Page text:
How women represent themselves and their concerns in writ ing, whether in the language of fiction, poetry, or criticism, is a fundamental issue to a feminist journal.
Recently, attention has been focused on literary criticism— how it oppresses or empowers women—variously characterizing women’s relationship to it as to a “dark shadow,” a distorting and malevolent being, and questioning whether theory is Beast, or Beauty. And questioning whether it is possible to not have a theo retical stance. In this issue of Room of One’s Own we look at some of the problems women confront when dealing with criticism—as readers and writers of it.
These essays are interesting for the variety of styles—autobiography, collaboration, review, critique—and approaches— quizzical, inviting, hostile—by which both writer and subject are represented. But their style always adds a dimension to their content. In the diallage between Charlene Diehl-Jones and Aritha van Herk you can see the playful form with its embedded narrative as an illustration of the interdependence of fiction and theory, and how it can open communication between women. Some of the other concerns that emerge call into question the possibility of di alogue—is it possible between parties who are not, in fundamental ways, “equal”? Might it be a form of patronization, colonization even, to “welcome in” a colleague on condition that she speak as one marginalized by colour, race, sexuality, or whatever? Margaret Christakos broaches this difficult problem in “Axioms to Grind” and Janice Kulyk Keefer responds. And what about the women- only nature of this forum—is there a danger here, as one might extrapolate from Kristjana Gunnars’ article, of stagnating, suffo cating even, by being too closed in a room with “one’s own” ? And are we all alike—what about the “essence" of woman? Is there a “feminine hieroglyphics” that only women can write, and fully understand, that underlies our writing, our being? Jennifer Hen derson and Kathleen Scherf attend to this. But if there is an essence common to women, and if we can be said to share—and pursue— common interests, does this merely perpetuate the power of white, middle-class, heterosexual women through a homogenization that silences those women marginalized within the global designation “women”? But if we differentiate amongst women do we risk los ing what empowerment we have gained through collective struggle? Do we risk—as Susan Rudy-Dorscht suggests—regressing to mute, embittered individuals in cataloguing minutely specified “hierarchies of oppression”?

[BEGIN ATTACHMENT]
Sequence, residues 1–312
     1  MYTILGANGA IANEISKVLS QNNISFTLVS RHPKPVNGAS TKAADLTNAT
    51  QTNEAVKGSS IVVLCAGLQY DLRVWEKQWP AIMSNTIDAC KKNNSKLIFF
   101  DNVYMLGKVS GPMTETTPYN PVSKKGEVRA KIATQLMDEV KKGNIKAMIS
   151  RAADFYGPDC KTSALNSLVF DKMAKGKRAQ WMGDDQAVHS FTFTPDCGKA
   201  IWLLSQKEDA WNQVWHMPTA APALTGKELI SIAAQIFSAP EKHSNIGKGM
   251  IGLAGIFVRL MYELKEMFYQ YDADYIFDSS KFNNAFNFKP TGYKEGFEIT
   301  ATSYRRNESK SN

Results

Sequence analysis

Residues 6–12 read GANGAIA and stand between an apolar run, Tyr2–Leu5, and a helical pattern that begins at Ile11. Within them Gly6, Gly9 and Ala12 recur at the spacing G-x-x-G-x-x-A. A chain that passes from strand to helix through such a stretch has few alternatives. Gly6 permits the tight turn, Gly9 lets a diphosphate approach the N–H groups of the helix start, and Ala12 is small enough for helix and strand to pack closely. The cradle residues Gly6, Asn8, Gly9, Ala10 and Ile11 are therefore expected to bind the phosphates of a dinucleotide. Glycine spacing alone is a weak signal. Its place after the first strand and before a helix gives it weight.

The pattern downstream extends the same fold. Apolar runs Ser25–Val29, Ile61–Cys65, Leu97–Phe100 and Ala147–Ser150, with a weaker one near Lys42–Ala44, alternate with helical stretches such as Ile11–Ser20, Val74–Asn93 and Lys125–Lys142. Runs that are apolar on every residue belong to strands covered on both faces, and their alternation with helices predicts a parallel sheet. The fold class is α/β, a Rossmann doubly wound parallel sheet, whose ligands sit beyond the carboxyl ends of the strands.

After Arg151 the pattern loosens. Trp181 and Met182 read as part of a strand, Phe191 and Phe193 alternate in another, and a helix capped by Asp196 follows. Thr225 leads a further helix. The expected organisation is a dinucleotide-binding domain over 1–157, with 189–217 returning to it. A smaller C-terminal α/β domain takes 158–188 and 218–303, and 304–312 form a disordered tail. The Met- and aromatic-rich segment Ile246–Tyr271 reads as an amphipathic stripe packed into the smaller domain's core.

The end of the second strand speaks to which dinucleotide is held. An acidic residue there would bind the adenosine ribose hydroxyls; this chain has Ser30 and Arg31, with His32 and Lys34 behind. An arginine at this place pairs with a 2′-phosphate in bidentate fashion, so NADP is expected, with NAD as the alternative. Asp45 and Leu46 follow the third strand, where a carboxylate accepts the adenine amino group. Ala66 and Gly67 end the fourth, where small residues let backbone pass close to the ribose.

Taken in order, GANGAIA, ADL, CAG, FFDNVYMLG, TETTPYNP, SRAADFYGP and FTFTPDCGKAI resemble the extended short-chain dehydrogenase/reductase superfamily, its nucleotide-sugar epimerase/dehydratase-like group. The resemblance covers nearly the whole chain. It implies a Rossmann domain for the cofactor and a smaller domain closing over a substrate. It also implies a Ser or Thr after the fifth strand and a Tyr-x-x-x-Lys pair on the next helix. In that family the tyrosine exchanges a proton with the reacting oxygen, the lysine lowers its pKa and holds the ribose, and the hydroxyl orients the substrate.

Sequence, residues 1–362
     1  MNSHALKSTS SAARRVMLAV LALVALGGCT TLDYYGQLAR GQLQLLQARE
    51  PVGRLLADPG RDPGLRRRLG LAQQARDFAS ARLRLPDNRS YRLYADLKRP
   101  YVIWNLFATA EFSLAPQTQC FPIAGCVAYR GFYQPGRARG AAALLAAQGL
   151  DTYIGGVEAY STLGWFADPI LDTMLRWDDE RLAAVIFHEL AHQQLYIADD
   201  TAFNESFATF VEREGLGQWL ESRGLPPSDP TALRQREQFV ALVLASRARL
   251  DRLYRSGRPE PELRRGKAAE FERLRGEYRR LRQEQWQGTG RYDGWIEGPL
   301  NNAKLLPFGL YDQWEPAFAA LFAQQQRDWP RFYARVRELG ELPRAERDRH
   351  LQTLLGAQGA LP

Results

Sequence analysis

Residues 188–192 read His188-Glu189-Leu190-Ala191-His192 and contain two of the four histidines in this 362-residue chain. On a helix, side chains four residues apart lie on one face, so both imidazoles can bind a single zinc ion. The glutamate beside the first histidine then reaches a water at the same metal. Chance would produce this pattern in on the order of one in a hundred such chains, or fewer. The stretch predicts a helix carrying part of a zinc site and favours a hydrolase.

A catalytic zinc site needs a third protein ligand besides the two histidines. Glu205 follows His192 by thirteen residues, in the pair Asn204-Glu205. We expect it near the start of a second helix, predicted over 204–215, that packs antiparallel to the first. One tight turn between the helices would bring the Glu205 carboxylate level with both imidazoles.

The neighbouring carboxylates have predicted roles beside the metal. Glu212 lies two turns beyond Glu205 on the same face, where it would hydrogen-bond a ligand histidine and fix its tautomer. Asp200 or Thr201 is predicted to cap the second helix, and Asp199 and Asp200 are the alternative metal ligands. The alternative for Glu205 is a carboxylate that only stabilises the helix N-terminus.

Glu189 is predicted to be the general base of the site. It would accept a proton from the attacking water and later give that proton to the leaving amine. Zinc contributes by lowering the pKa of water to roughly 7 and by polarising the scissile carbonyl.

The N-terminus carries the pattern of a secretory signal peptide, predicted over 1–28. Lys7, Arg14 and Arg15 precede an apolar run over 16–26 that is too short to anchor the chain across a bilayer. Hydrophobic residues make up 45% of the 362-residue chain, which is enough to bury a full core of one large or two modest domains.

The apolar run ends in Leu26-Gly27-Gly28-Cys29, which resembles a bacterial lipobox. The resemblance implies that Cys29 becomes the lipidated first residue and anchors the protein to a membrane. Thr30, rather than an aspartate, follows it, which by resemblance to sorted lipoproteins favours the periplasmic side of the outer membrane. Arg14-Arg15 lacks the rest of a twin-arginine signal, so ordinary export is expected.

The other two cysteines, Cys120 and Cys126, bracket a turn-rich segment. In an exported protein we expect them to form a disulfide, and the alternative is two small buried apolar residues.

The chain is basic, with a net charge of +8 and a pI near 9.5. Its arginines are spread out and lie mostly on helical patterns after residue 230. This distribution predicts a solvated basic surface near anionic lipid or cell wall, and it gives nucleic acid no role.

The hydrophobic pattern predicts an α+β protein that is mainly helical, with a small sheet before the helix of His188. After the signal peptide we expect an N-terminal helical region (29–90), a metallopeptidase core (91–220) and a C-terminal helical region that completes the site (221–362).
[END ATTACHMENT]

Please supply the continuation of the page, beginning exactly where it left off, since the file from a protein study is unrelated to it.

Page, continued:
And remember, these concerns shape the very essays you’re reading.
Obviously, we can’t deal with these problems adequately within the narrow confines of one issue of one journal—nor do we want to write that last word, on any of them. We as readers think about, try and understand, make choices, and respond in some way to what we are reading. The reading is, in many ways, only the first step in understanding and working through concerns that may evolve into long debates, and may yet never be resolved. Here a dialogue format attempts to show this sort of critical conside ration and response at work. Hopefully it can aid in focussing several ongoing debates about women’s writing in Canada.
So long as you ask, what is this you’re reading?